The Struggle is Real: The long-distance struggle

Man, the struggle is real…

Long-distance relationships are a struggle.

My boyfriend and I met in March 2015 and spent little time together before leaving for the summer; we stayed in touch that summer but rarely saw each other. The next August, when we got back to school, we started dating. He graduated at the end of that semester. He stayed around Chadron for a few months, working here, but then he took a job four hours away from CSC, where he  is now.

We’ve been dating for almost two years, but the majority of those two years were long-distance. I am now graduating in May and have a couple of job offers, but both are about three hours from where he is. So the distance continues.

We do it, but it is not easy.

Everyone’s relationship will be different, but here are five tips I found that have made my relationship work:

1. Communicate, just not too much…

It is important to talk to each other, about the important things in your life, about the silly events of the day, and about anything else that might come to mind. But, you should not shut off the world around you for your significant other, and they should not have to either. Make time for each other, but remember that the people around you are important too, so do not shut them out or ignore them.

My boyfriend and I text each other throughout the day, and we end the day with telling each other the happy and crappy things from the day. We call when we can, but we are both busy so we typically communicate via text, and that is ok. My boyfriend knows that my friends here are important and when I am with them, I do not like to interrupt our time with a call to him, and I know when he is with his family, they are important so I don’t like to interrupt his time with them. So our calls come when we are both free and typically only last 15-30 minutes. We make time for each other but we do not push others away.

2. Trust.

Plain and simple you have to trust each other. There is really no point in being in any relationship if you do not trust the other person, and that trust needs to be extra tight when we are not able to see each other every day.

3. Do similar things…

When you are apart you can stay connected by doing the same kinds of things, like read the same books or watch the same TV shows. You do not necessarily have to do them at the same time, but just do the same activities so you have something to talk about.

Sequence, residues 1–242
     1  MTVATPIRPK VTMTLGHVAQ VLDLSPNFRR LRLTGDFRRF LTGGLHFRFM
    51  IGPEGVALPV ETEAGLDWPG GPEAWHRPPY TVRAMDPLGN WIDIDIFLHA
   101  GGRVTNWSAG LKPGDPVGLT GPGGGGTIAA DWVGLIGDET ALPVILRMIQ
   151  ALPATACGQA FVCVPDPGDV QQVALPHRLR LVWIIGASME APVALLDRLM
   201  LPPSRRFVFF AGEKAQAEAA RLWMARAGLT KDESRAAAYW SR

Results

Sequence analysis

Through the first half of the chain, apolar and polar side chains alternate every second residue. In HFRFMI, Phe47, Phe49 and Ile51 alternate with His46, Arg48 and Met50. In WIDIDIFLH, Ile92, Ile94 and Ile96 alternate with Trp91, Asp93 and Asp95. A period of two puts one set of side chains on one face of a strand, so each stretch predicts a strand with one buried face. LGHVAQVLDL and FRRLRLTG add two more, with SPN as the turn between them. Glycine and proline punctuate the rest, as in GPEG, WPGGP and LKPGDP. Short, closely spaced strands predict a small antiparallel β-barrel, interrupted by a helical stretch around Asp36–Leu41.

4. …But keep your independence.

I see long-distance as a blessing in disguise because it is difficult, but it allows you to learn to be yourself while in a relationship. My boyfriend and I do watch the same shows and we read similar books, but we both have our own activities as well. He plays basketball with people from the community twice a week; I take random adventures with my friends. We have the opportunity to learn who we are and we enjoy things without the other person, which I think helps in the long run of relationships to maintain your personality.

5. Share emotions.

Emotions are annoying. I get it, especially for guys. But when you are not together to see the emotions the other person is going through, it becomes even more important to talk about them. When you are sad that you are apart, say it. When you are happy about something that happened, say it. When you are mad about something he or she did, say it.

When you are proud of something he or she did, say it. When you are excited to see him or her, say it. Get over yourself and start sharing emotions.

But also, get over your emotions and do not hold grudges. The silent treatment is harsh when you are together, but even harsher when you cannot see each other. So say how you feel and then forgive and move on.

All relationships can be difficult at times, but long-distance relationships can be an even bigger struggle.

So, the struggle is definitely real, but so is chocolate, so maybe send a box to your significant other, I’d appreciate it… hint, hint.

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